Three year old Mia loves the radio and constantly demands it be switched on so she can sing and dance along. I enjoy it as well, since I find current popular music sing-along-able again; unlike even a year ago when all that hip hop and trance made me feel victimized (“is he yelling at me? What did I do?”) and dated (“This must be a young-person song.”).
Her “favourite” (she has about 22) is “badaarex badaarex, no trouble”. This is not, in fact, a jingle for a laxative but her interpretation of Meghan Trainor’s song, ‘All about that bass, about that bass, no treble’. I think it’s pretty catchy too, and initially thought it had a message that matched my own convictions. But I’ve heard it so many times by now, that I’ve started wondering if I really do agree with it. Yes, yay for women with big asses, hooray that men sometimes like plump girls (what upright citizens such men are!), and all that. On the surface this is a much better message to girls than endless songs with names like “Let’s Do It Doggie Style and Then If You’re Lucky I’ll Spank You”.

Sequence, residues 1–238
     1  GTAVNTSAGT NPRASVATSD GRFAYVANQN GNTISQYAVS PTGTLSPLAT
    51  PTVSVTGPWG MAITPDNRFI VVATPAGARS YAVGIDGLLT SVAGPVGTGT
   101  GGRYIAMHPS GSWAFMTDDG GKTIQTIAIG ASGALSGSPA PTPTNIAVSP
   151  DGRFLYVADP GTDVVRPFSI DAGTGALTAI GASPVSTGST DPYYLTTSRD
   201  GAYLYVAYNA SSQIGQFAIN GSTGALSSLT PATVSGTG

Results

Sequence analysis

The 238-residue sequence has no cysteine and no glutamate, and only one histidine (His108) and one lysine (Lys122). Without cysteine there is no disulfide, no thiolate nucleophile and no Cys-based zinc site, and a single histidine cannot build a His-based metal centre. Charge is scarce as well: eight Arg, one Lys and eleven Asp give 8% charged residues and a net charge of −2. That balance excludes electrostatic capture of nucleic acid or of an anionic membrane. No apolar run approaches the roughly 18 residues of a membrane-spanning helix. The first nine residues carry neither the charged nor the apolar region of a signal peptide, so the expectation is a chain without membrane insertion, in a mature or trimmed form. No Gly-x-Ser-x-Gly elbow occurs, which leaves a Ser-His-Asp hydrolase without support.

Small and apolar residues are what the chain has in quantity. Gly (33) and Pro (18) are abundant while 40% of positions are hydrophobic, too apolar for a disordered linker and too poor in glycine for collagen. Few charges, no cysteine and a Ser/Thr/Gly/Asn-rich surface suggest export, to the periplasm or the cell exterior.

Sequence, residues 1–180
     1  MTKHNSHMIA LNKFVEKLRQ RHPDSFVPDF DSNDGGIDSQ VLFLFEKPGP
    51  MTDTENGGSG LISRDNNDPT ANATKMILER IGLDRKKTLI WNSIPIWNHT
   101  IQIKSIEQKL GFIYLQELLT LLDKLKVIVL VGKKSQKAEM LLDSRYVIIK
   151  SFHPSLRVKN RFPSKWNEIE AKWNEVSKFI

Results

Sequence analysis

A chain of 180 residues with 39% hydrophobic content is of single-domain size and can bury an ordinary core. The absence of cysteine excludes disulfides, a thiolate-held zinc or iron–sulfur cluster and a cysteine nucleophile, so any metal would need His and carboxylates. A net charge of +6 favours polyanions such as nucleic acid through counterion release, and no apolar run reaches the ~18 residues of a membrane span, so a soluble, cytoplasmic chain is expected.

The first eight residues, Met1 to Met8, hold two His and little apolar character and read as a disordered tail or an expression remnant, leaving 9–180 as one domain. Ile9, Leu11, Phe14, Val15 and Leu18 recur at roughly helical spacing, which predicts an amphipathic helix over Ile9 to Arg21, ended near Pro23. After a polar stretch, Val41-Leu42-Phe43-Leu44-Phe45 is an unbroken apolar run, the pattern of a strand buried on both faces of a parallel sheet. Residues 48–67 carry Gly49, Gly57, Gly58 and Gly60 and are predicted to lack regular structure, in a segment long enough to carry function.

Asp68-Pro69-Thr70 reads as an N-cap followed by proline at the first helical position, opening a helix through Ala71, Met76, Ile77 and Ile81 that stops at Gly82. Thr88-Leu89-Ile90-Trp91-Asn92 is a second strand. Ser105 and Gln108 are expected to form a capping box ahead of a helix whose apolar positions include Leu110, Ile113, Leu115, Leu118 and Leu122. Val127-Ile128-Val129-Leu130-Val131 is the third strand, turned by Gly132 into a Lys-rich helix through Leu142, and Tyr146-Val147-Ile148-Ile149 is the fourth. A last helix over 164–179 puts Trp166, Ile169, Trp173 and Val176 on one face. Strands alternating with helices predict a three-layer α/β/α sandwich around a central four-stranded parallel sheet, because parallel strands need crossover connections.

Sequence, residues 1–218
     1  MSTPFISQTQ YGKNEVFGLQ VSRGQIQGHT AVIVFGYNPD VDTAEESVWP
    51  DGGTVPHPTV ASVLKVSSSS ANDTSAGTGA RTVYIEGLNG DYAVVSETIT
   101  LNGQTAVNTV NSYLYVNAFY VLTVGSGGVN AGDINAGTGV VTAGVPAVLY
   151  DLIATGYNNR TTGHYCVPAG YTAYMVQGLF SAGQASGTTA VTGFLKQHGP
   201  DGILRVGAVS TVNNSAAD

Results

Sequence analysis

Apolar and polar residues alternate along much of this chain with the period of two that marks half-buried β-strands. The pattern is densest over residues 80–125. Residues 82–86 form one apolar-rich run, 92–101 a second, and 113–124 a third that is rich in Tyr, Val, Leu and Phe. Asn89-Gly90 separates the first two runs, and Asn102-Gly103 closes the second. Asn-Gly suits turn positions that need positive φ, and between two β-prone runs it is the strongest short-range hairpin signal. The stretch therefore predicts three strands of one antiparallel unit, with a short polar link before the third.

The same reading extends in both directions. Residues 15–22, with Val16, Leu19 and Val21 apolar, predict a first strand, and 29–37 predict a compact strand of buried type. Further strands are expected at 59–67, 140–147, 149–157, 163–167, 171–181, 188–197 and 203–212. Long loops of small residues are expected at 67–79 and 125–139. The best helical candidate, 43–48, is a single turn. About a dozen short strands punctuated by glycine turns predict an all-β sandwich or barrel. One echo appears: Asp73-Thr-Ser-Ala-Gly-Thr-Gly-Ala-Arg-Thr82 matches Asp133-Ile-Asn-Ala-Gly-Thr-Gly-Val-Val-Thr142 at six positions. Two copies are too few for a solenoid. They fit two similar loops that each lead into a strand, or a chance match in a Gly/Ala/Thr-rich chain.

But it gets me thinking: we are still reassuring ourselves about our appearances on the condition that men like us that way. Not to mention how disturbing it is that a mother would comfort her presumably fat-bottomed young daughter with assurances of “men like a little more bootie to hold at night”.
Name one song where a male singer moans about having a big bum or being overweight; and suffers a consequent crisis of confidence about his sexual appeal. Something along the lines of “That Hottie Ain’t Gonna Let Me Hit That Because I Ain’t a Skinny Thang.”
I’m not blaming the creators of the song, they’re addressing a real issue with all us girls and women. My problem is why we have this issue in the first place.
It’s not only music. Look at movies. Or at least the more conventional, popular sort of cinema not starring Dame Judi Dench in the lead. The heroine will meet her man with a soft light irradiating her features, her hair billowing in an invisible zephyr; and the hero will blink a few times, so dazzled he is by her beauty. He will tell people or the woman herself at a later point of the movie with a beatific smile; “THAT was the very moment I knew I wanted to spend the rest of my life with her, because she was the most beautiful woman I had ever seen…”
Really? Really? Where is the connection? It is rarely when the hero sees her helping a blind guy across the street, or because she’s hilarious and makes him laugh; or because she’s good at what she does (all criteria for the heroines to fall for the hero, by the way.) Even if she is shown doing any or all of these things; the hero will only fall (or realize that he’s fallen) in love with the woman when her hair is well-conditioned, her skin is doing this bizarre shining thing and she’s preferably wearing something low cut.